Ashes To Ashes
It was such an unusually cold February night Saturday that I lit a fire. I love fires. I love building them, sitting by them, and tending them. I’m a very fussy fire-tender, poking, rearranging or adding logs every ten minutes or so. I pride myself on never needing more than one match to get a blaze going, and a fire that goes out prematurely feels like a failed experiment. A good fire is the product of a healthy relationship between the wood. The logs must be close enough to share their heat, and far enough apart to allow the oxygen needed to burn. The point is always the fire, of course, not the logs, and in a really good fire, where all the logs are burning, each log’s flame lighting and re-lighting all the others, you cannot tell what log is responsible for which tongue of flame.
Still, I can become sentimental about the wood. Whenever I add a fresh log and watch its bare white wood catch quickly and eagerly, that new log becomes the king in my imagination. I look at all the other logs beneath it, coal-black and pulsing red, and remember when they were young and white and fresh and seemed eager to burn. I watch as the old logs’ heat lights the new log, whose fresh flames in turn reignite the old logs, and I’m glad for the old logs that they still have fuel to burn.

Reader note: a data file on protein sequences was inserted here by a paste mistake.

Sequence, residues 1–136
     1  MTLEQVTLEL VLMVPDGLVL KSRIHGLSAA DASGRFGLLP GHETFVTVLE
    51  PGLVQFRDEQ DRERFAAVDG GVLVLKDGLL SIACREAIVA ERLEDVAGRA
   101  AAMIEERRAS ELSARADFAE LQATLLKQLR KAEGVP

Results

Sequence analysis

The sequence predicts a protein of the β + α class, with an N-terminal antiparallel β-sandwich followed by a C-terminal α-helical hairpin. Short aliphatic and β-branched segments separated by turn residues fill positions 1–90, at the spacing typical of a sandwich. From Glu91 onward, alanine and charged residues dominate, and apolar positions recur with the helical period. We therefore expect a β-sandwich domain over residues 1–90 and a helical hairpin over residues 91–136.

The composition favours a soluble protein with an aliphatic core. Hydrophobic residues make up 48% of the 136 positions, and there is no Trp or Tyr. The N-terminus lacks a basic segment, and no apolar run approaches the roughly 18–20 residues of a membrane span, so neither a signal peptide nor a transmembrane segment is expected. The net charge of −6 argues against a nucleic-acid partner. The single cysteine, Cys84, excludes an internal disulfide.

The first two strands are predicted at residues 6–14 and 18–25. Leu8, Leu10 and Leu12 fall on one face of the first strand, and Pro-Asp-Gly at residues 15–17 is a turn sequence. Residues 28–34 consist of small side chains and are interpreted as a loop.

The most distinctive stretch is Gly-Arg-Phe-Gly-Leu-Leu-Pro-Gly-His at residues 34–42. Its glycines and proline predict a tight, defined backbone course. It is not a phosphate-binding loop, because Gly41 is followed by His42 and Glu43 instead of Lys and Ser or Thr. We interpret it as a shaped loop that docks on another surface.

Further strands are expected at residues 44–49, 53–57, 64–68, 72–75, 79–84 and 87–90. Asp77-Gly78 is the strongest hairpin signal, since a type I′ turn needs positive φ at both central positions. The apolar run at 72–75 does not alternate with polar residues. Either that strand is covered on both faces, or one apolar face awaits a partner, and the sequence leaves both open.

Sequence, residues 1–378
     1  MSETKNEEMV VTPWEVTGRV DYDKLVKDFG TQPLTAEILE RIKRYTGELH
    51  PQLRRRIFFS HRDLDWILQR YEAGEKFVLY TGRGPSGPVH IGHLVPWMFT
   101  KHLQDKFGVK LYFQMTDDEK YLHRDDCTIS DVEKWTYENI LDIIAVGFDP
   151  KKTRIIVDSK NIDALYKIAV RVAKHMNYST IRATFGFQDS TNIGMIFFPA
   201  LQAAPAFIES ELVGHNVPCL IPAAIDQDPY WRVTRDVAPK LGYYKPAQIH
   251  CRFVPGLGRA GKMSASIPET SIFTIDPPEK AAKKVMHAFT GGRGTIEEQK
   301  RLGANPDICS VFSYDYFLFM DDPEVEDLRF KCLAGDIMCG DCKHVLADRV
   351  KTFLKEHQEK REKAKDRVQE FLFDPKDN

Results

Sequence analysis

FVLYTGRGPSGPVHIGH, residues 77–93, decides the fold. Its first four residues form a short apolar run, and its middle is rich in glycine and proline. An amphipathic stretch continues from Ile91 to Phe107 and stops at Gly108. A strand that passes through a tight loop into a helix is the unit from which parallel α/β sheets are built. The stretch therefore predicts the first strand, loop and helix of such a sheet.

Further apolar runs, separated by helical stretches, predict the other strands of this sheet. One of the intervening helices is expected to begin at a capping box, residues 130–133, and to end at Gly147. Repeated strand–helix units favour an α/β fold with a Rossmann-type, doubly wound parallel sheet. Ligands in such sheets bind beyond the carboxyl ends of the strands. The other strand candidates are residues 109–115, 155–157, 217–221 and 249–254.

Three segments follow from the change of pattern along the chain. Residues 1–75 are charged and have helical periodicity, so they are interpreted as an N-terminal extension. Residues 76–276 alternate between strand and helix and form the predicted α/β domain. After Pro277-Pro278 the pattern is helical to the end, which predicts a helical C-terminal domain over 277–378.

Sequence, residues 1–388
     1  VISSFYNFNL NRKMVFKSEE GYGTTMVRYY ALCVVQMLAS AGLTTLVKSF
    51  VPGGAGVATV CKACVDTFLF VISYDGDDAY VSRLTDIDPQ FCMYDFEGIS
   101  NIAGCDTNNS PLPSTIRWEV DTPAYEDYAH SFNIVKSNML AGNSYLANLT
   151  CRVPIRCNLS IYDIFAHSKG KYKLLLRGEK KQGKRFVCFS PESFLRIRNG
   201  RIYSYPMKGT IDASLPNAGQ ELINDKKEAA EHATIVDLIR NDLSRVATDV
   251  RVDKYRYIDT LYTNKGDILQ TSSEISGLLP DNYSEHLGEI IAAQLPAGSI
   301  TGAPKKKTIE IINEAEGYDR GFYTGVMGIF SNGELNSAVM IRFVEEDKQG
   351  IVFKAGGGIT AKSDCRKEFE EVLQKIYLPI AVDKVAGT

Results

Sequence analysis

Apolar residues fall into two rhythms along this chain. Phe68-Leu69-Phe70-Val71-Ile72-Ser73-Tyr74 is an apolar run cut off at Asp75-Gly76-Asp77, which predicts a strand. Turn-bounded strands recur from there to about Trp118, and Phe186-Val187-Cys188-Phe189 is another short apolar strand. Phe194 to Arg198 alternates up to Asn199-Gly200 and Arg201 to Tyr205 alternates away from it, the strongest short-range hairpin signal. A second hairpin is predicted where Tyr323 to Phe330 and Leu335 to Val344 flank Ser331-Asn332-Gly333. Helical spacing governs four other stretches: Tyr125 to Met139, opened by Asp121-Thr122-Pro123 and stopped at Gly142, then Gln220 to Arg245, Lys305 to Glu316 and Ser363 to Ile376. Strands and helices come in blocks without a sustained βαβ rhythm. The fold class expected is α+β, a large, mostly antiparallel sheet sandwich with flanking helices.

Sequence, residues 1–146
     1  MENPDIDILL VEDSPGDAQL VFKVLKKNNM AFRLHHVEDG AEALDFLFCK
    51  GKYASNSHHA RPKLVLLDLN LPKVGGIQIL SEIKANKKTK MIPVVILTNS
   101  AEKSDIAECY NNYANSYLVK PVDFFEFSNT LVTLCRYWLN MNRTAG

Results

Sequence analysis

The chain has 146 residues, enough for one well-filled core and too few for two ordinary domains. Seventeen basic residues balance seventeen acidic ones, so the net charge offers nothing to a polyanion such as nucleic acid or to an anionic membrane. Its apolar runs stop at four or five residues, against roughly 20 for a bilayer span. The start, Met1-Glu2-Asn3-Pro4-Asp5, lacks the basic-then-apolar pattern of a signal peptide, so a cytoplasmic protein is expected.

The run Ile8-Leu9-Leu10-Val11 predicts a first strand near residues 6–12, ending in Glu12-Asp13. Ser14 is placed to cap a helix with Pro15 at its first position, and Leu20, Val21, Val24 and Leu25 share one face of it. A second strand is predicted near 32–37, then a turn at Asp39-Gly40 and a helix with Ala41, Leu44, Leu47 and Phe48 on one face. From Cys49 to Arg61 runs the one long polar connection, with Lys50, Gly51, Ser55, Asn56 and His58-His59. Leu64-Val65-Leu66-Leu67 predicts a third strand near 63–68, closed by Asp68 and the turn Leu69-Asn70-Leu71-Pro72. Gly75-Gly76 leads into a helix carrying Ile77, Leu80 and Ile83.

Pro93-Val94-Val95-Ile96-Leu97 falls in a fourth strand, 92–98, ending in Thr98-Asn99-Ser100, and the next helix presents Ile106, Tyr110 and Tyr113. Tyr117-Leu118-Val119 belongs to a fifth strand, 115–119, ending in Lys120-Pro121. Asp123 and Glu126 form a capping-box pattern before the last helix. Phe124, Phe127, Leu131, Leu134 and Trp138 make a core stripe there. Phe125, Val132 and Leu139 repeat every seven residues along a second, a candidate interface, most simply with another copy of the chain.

I cannot become too overly concerned about the individual logs, however, or I will lose sight of their purpose. Everything in my hearth is in service to the fire—the bricks of the fireplace, the iron grate, the poker and the prong—all the hard things I can touch and move are there only to allow for something that can be felt but not held, summoned but not made, and which alone can transfix us as completely as a work of art. The only memory fires leave behind is ash, which says no more about the truth of a fire than a shipwreck does an ocean. In this way the sadness of ashes is misleading, a trick of near-sightedness, as real as believing graveyards are the sum of all creation.
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